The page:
Cytokines, proteins that affect the immune system, can elicit their effects in either a beneficial or an inhibitory capacity. Typically, anti-inflammatory cytokines help the body fight off cancer while pro-inflammatory cytokines can actually provoke cancer growth and development. Like many biological mediators, some cytokines are pleiotropic, indicating that they can have multiple effects.
Oncologists use therapies involving cytokines to treat various cancers. Beneficial cytokines may be administered directly to a patient, alone or in combination with other treatments. Alternatively, drugs can target immunosuppressive cytokines to minimize or neutralize their harmful effects on the immune response.
The transforming growth factor β (TGFβ) represents an important cytokine with several integral roles in anti-tumor immunity. In healthy cells and those in the early stages of tumor formation, TGFβ suppresses cancer cells, and for tumor cells to progress, they must overcome TGFβ’s immune protection. However, TGFβ also plays a role in biological processes, including cell invasion and immune regulation, which present opportunities for cancer cells to manipulate for their benefit. TGFβ is highly expressed in many advanced cancers, and in this role, TGFβ overexpression encourages tumor progression, metastasis, and suppression of anti-tumor immunity.
The TGFβ signaling pathway consists of complex interactions between many proteins, molecules, and other immune mediators to carry out its diverse functions. New findings recently published in eBio Med investigated the role of some of the mediators in this pathway in mitosis, the biological process of cell division.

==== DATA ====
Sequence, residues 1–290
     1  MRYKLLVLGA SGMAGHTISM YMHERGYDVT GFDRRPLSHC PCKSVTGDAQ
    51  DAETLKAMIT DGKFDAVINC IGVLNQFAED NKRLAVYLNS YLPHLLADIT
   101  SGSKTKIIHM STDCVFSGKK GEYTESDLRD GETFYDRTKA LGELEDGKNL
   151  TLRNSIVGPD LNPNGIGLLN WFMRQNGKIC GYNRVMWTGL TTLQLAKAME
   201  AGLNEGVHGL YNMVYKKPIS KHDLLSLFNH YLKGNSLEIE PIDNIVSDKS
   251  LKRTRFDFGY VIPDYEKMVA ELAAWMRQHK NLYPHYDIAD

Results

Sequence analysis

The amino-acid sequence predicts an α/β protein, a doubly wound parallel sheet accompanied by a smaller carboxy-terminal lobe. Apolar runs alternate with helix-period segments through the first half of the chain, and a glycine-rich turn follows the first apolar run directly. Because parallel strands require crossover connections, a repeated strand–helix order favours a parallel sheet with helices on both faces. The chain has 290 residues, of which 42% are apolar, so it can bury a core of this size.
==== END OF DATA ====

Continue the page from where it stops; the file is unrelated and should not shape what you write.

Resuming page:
The study uncovered the formation of a complex consisting of two molecules: AURKB, a protein involved in cancer cell proliferation, and TGFβ receptor type I (TβRI), a receptor required for TGFβ activation. The AURKB – TβRI complex identified in the study formed during mitosis in castrate-resistant prostate cancer cells. Additionally, when examining tumors from prostate cancer patients, the researchers found that the number of AURKB – TβRI complexes correlated with cancer aggressiveness. In other words, patients with the most advanced prostate cancers exhibited significantly more AURKB – TβRI complexes than patients with less severe diseases. As a negative control, the authors confirmed that AURKB – TβRI complexes did not appear in non-cancerous prostate cancer tissue.
Overall, the study shows that interactions between AURKB and TβRI occur when cancer cells enter mitosis. The authors conclude that these findings identify TβRI as a previously unrecognized regulator of cancer cell proliferation. Further, the authors suggest that AURKB – TβRI complexes could serve as a biomarker to aid in the diagnosis and treatment management of prostate cancers.